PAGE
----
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Why does it take so long for personal injury cases to settle or finish?

When will my case settle?

When will I get compensation for my injuries?

When will my case close?

These are just a few of the most common questions that our lawyers are asked at our firm. They are very good questions to say the least. It’s entirely understandable when an inncocent, injured accident victim would want to know when their case will close and when they will receive compensation for their injuries. Living with a looming legal case over your head; having to worry about surveillance, medical appointments with insurance doctors; attending at discovery; attending at Court is all very worrying and taxing to one’s psyche.

For you and the insurance company, a closed file is a good file. And for innocent accident victims, settling their case helps bring a sense of closure and finality to the case; so that they can close that chapter of their lives; and move on the next. Our lawyers often see a catharsis and sense of relief; light a large weight/burden is being taken off a client’s shoulders once a case is closed and settled.

So, if there are so many positive elements to closing or settling one’s file; then WHY DOES IT TAKE SO DARN LONG TO DO SO?!?!?!

Many elements in personal injury litigation are ENTIRELY OUT OF YOUR CONTROL. Many elements are also out of control of the lawyers as well. Don’t beleive me? Take a look at some of the examples below which emphasize my point:

1. There is a lack of judicial resources to hear your personal injury case. There is a lack of Court Room space. There is a lack of Court Clerks to process your case. There is a lack of Judges to hear your case in a speedy manner. If our law firm were to set your case down for trial in Toronto, London, Newmarket or Brampton today (June 11, 2014), the trial would likely be heard some time in 2016! The same principals do NOT apply to family law or criminal law. This is seen particularly in civil law (car accident/injury law), because money to award people compensation for being wrong or hurt can wait. Human justice in criminal cases (people serving jail time) along with family compensation (think child support and spousal support obligations) are far more important for the Courts to deal with. The Court’s resources are more focused in these areas, than they are in Civil law. Go to Court in Cobourg or Guelph. There’s ONE BIG COURT ROOM. First they hear Criminal Matters. Followed by Family Law Cases. Then followed by Civil matters such as those personal injury cases.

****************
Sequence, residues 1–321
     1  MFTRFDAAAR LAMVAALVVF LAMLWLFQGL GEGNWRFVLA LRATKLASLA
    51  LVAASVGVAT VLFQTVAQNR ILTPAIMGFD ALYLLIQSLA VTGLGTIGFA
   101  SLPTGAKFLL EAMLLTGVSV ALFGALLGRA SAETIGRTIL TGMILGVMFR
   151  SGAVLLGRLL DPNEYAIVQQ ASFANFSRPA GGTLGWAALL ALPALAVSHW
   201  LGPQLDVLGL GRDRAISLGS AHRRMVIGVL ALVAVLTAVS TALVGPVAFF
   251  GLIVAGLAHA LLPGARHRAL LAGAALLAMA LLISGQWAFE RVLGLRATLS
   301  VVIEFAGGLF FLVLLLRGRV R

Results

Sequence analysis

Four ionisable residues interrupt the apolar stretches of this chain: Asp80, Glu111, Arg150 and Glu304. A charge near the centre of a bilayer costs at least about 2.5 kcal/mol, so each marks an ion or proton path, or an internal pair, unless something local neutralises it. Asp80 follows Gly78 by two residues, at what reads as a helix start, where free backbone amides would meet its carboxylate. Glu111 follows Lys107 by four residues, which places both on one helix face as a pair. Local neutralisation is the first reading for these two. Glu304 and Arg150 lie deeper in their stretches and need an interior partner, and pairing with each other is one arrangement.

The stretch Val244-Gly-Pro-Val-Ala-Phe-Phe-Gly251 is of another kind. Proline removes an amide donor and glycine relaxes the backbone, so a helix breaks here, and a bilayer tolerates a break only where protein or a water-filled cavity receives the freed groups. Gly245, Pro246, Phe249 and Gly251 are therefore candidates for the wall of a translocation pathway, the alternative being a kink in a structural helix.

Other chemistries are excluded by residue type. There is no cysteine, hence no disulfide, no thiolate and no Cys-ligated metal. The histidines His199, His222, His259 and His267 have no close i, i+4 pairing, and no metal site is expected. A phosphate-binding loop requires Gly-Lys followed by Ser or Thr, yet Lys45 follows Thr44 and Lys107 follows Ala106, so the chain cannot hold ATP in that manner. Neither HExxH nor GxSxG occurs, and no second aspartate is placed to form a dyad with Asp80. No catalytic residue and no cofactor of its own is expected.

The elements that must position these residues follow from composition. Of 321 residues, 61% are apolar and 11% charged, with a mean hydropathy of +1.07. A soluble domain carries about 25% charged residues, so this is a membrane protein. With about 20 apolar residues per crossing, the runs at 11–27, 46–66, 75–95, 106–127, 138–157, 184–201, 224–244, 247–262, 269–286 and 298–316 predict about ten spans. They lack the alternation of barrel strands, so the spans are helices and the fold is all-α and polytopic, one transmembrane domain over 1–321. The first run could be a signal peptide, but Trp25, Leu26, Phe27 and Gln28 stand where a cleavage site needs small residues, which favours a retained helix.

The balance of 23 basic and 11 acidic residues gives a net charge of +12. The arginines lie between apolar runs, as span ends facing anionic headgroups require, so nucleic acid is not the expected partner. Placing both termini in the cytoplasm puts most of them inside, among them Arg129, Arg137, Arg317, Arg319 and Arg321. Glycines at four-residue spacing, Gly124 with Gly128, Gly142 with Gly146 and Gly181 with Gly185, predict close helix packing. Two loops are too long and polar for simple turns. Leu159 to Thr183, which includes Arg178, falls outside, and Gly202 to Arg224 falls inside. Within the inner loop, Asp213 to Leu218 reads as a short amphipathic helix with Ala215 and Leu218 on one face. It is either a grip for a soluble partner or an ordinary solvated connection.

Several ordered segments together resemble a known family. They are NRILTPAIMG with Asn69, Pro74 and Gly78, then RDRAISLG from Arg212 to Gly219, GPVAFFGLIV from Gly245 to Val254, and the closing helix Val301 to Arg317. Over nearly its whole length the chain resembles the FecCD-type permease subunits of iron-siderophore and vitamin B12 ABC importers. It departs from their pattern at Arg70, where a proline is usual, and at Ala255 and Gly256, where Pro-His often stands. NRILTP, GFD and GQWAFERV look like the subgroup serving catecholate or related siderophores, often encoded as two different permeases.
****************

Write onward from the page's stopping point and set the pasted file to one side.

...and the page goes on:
2. The resolution of your case depends on your case itself. If your injuries have not yet fully healed, then your lawyer and the insurer will be reluctant to settle your case because the outcome of your injuries is uncertain. What happens if you get much worse than you are today. What happens if you lose your ability to use a limb on account of your injury? What happens if you require further surgery which comes with future attendant care and future care costs for rehabiliation. All of these facts need to be taken in to consideration when assessing and putting a dollar value on your case. So, if your injuries have not fully healed, or have not plateaued, then it’s unlikely that your case will settle any time soon. That’s likely in your best interest to ensure that you get fair compensation for your injuries.

3. Here’s the reality of personal injury law. THERE’S A LOT OF PAPERWORK that needs to be requested, reviewed, processed, bound, analyzed, read and re-read. Even in a paperless law office where every document is scanned; all of those documents start as PAPER. All of that paper work needs to come from somewhere. Whether it’s the police, a doctor’s office or a hospital. Collecting all of that data also takes time. Our law firm requested an OHIP Summary from the Ontario Ministry of Health sometime in 2013. It took 10 months for the OHIP record to be produced! this wait time is not uncommon for such records. Hospitals and doctors can also be notoriously slow. This contributes to delays and slowdowns in personal injury cases.